Let’s take another look

Posted: August 27, 2012 in Uncategorized

ahramonline

By Abdellatif Elmenawy

I don’t believe that the lesson is over yet.

The Islamic group has run the battle with those who still had the courage of confrontation and demonstration in the streets on the 24th of this month. This shows that the group has taken advantage from what it considered as the weakness point of the former regime. In fact, the group decided to abort the call for demonstration at an early stage and decided instead to attack and overthrow the former leaders of the military council who accepted their fate without any sign of resistance and with a suspicious surrender. In this context, the group has not only resolved the conflict over power but it has also achieved a preemptive strike against the project of demonstration because people felt that they have lost their supporter and defender as well as the guardian of the civil state.

Moreover, a true battle has started but it is a unilateral battle that could be viewed rather as an attack against media outlets. The attack on media took many shapes like toppling the editors of all national newspapers and magazines and replacing them with editors who are affiliated to the group without any due conditions and without taking into account the opinion of the journalistic community. Moreover the Islamic group has adopted the gulf employment agencies’ style in recruiting migrant employees. Thus, this front of the battle has been secured, they balanced and steered their ship, heading to a new, but expected, destination. As for private media, sacrificing one or two journalists was enough to terrorize and deter private media institutions. That is why the group has issued complaints, accusations, restraining orders and habeas corpus against journalists. They have even threatened or attempted to incarcerate and attack them. And indeed, some journalists were put in jail while channels have been closed and newspapers have been seized. All these practices managed to create an atmosphere of fear among observers. However, weirdly enough, the big boss comes out and declares that he backs the freedom of press and impels one of his followers to deny any link between the group and these practices. They claim that some honorable citizens have voluntarily resorted to these practices to discipline journalists.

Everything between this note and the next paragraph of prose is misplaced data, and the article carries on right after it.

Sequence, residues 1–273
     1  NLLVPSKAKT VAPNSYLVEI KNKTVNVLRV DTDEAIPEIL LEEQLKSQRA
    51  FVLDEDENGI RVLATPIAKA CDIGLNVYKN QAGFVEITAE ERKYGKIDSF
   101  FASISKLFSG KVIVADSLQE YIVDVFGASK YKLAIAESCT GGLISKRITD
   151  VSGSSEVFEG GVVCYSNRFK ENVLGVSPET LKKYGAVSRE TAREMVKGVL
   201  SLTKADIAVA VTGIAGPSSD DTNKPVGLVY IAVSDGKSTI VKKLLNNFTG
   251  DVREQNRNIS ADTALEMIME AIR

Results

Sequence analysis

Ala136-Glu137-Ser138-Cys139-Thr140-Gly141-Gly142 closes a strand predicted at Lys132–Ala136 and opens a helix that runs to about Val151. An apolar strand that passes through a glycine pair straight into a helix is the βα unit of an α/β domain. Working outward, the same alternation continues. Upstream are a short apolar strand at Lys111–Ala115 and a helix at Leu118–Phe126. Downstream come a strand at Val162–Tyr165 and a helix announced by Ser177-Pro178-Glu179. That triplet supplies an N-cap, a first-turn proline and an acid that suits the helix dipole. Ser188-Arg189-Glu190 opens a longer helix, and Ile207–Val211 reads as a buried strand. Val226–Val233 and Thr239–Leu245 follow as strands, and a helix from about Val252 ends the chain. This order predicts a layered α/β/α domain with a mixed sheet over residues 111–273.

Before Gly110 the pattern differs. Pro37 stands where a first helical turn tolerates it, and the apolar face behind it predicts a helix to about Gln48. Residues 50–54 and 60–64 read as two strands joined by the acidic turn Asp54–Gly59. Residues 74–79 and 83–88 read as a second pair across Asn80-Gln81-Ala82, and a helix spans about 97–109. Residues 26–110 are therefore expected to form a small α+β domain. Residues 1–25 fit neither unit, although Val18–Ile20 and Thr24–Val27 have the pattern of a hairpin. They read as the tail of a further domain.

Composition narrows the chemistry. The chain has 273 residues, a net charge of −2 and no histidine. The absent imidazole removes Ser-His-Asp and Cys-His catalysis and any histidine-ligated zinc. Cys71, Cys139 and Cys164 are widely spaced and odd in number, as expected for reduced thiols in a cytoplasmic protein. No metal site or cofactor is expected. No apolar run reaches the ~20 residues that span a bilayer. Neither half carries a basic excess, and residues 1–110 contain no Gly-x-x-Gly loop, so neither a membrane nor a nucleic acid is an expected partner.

It has been proven that “mobilization for intimidation” actually works. As elections draw near, there were calls to mobilize militias in the field and threats of attack that go in line with the fatwas calling for the murder of “those obscene infidels” who dare to disobey the will of God on earth”. Some called for the amputation of their limbs as a punishment for corrupters on earth. However we did not hear any severe and serious condemnation of these fatwas. All we heard from decision makers was a refusal that is more close to an approval.